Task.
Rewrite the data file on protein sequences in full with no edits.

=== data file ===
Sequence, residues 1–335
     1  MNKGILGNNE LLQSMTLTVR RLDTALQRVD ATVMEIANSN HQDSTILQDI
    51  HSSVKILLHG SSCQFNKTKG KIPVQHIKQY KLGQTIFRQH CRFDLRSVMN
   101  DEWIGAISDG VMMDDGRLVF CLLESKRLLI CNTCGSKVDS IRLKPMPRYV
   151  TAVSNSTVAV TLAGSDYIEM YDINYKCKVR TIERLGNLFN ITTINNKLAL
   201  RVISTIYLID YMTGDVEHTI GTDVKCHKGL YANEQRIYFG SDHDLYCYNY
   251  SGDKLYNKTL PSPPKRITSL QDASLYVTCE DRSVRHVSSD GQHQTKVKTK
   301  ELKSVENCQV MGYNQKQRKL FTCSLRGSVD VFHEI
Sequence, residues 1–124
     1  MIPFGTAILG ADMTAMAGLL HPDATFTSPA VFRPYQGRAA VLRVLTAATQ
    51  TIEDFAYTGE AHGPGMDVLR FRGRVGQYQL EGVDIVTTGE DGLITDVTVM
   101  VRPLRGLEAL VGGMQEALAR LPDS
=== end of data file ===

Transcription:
Sequence, residues 1–335
     1  MNKGILGNNE LLQSMTLTVR RLDTALQRVD ATVMEIANSN HQDSTILQDI
    51  HSSVKILLHG SSCQFNKTKG KIPVQHIKQY KLGQTIFRQH CRFDLRSVMN
   101  DEWIGAISDG VMMDDGRLVF CLLESKRLLI CNTCGSKVDS IRLKPMPRYV
   151  TAVSNSTVAV TLAGSDYIEM YDINYKCKVR TIERLGNLFN ITTINNKLAL
   201  RVISTIYLID YMTGDVEHTI GTDVKCHKGL YANEQRIYFG SDHDLYCYNY
   251  SGDKLYNKTL PSPPKRITSL QDASLYVTCE DRSVRHVSSD GQHQTKVKTK
   301  ELKSVENCQV MGYNQKQRKL FTCSLRGSVD VFHEI
Sequence, residues 1–124
     1  MIPFGTAILG ADMTAMAGLL HPDATFTSPA VFRPYQGRAA VLRVLTAATQ
    51  TIEDFAYTGE AHGPGMDVLR FRGRVGQYQL EGVDIVTTGE DGLITDVTVM
   101  VRPLRGLEAL VGGMQEALAR LPDS